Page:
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Wattle Creek The Triple Play 2003

Rhone Red Blends from North Coast, California
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    Winemaker Notes

    The 2003 Triple Play is a dense, inky Rhone blend showing deep vibrant shades of reds and purples. It has aromas of blackberry and tarry molasses combined with a subtle smoky nuance from its barrel maturation. The flavors follow with blackberry and anise, a dense profile with a sense of terroir, toasted French oak and a structured finish. This is a rich, powerful wine with tremendous profile and integrity. Try this wine with roasted rack of lamb and cheese au gratin potatoes. Enjoy!

    Blend: Syrah 95%, Petite Sirah 3%, Viognier 2%

    Critical Acclaim

    Wattle Creek

    Wattle Creek

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    Wattle Creek, , California
    Wattle Creek
    In March of 1994, a bit of Australia moved to California, and Sonoma County grew even more welcoming and friendlier. An Australian family brought its infectious love of life and exuberance to 56 acres of land just south of the small town of Cloverdale in Alexander Valley. This family, the Williams, also brought with them a zeal and fervor for wine, in particular wines from the Southern Hemisphere.

    Led by Christopher and Kristine, the vineyard selection was anything but happenstance. They sought and discovered a piece of land reminiscent of the warm Barossa Valley of the land down under. Here, the perfect union of climate, soil, and geography permit the infusion of the best of Alexander Valley with Australian vitality and heritage of winemaking.

    On the heels of the success of their Alexander Valley site, the family added an extraordinary piece of land in Mendocino's Yorkville Highlands. In 2001, under the guidance of a new Aussie winemaker for both estates, Michael Scholz, they released their first Mendocino Sauvignon Blanc. In the next few years the vineyard promises to produce fruit for a Chardonnay, Cabernet Sauvignon, and Shiraz as well.

    This was the inception of Wattle Creek, an American winery that derives its logo and name from the yellow blossom of the Australian Wattle tree and its essence and style from Australia.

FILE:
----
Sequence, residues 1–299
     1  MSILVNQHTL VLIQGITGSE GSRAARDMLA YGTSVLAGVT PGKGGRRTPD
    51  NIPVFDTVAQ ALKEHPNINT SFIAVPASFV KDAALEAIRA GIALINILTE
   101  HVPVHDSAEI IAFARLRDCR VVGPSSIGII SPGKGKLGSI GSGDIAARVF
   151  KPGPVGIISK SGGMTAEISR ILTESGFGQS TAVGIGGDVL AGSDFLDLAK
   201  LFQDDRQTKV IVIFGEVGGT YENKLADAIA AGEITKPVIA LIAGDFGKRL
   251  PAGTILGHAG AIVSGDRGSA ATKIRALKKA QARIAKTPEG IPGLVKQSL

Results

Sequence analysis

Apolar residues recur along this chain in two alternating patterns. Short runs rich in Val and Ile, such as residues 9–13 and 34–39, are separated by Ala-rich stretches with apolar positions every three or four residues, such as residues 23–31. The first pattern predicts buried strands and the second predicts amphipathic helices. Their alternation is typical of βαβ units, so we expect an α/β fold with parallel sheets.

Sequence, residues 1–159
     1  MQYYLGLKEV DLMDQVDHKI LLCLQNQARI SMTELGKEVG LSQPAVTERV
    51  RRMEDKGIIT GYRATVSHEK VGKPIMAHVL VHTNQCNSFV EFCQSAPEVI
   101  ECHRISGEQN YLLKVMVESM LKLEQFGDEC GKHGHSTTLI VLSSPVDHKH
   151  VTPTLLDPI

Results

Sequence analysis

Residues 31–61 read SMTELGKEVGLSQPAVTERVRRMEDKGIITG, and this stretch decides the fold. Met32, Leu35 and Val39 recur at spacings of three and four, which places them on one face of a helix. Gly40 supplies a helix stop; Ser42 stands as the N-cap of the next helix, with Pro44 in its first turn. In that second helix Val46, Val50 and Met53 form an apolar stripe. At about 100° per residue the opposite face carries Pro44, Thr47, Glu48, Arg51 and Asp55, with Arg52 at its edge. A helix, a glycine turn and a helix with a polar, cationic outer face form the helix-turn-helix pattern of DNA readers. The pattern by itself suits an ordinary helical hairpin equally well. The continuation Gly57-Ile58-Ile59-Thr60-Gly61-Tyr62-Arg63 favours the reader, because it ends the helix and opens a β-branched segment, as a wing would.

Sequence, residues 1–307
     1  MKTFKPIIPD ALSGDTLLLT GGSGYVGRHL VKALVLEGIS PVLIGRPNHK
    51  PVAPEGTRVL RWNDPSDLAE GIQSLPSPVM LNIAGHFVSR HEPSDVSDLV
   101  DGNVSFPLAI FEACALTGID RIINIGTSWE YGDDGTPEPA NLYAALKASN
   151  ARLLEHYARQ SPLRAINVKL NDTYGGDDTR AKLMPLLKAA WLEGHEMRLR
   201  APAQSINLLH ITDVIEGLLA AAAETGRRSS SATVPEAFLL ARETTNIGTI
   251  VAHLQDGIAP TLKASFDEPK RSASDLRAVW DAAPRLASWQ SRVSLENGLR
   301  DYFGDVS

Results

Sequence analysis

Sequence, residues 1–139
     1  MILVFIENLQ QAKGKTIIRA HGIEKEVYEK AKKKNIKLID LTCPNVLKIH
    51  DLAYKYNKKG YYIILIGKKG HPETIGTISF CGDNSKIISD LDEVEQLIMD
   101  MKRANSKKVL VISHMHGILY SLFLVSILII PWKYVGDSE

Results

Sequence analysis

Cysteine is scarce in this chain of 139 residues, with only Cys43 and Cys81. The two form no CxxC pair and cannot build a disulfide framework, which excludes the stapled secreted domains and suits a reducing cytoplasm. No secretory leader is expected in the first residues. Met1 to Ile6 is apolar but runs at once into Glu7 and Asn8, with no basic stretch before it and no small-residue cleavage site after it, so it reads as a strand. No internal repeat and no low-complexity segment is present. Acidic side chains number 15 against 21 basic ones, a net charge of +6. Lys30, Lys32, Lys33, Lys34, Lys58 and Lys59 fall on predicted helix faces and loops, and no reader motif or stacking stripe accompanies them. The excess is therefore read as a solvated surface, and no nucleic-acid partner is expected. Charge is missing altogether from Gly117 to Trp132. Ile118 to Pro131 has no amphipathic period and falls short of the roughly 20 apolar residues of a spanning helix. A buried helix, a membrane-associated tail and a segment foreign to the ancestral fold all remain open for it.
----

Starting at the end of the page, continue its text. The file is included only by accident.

Columbia Valley

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    A large and geographically diverse AVA responsible for a wide variety of wine styles, the Columbia Valley AVA is home to 99% of Washington State’s total vineyard area. A small section of the AVA extends into northern Oregon as well. Because of its vast size, it is necessarily divided into several distinctive sub-AVAs, including Walla Walla Valley and Yakima Valley—which is further split into three more even smaller AVAs. A region this size will of course have varied microclimates, but on the whole it experiences cold winters and long, dry growing seasons. Frost is a common risk during winter and spring. The towering Cascade mountain range creates a rain shadow, keeping the valley relatively rain-free throughout the year, necessitating irrigation from the Columbia River. The lack of humidity combined with sandy soils allows for vines to be grown on their own rootstock, as phylloxera is not a serious concern.

    Red wines make up the majority of production in the Columbia Valley. Cabernet Sauvignon is the dominant variety here, where it produces wines with a pleasant balance of dark fruit and herbs. Wines made from Merlot are typically supple, with sweet red fruit and sometimes a hint of chocolate or mint. Syrah tends to be savory and Old-World-leaning, with a wide range of possible fruit flavors and plenty of spice. The most planted white varieties are Chardonnay and Riesling, the styles of which depend on the warmth of the site. Citrus and green apple are common to both in cooler sites, while warmer vineyards will produce riper, fleshier stone fruit flavors.

    Semillon

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    A shy but noble variety with considerable structure, depth, and length, beneath Sémillon’s aloof exterior lays a singular, uncompromising white with the power and intensity to create wines that can last and improve for several decades. It is the perfect partner to tame Sauvignon Blanc's wild side in its most important outpost of Bordeaux. Sémillon especially shines in Sauternes, one of the world’s greatest sweet wines, with highly concentrated flavors of honey and dried apricots. While Sémillon is not the most fashionable grape in the rest of the wine world, it has had great success in Australia, where it can produce elegant, complex dry wines.

    In the Glass

    Sémillon is most notable for its oily texture and significant palate weight. In youthful dry wines, it expresses subtle aromas of lemon, green apple, pear, and stone fruit. Aged or sweet Sémillon wines show more complex character of lanolin, beeswax, honeysuckle, ginger, saffron, vanilla, or toast.

    Perfect Pairings

    Thanks to its moderate acidity, this fairly full-bodied wine can stand up to pretty boldly flavored food. Think lightly spiced Asian or Indian white meat or fish dishes, or anything with cinnamon, clove, or star anise. It’s also great with autumnal vegetables like kabocha squash, yam, or potato. Botrytised Sémillon, as in Sauternes, is a perfectly decadent pairing with foie gras.

    Sommelier Secret

    Sémillon was once the most common variety in South Africa—so common, in fact, that in 1822, when 93% of the country’s vineyard area was planted with it, it was simply referred to as Wyndruif, or “wine grape.”

    SWS133301_2003 Item# 92300

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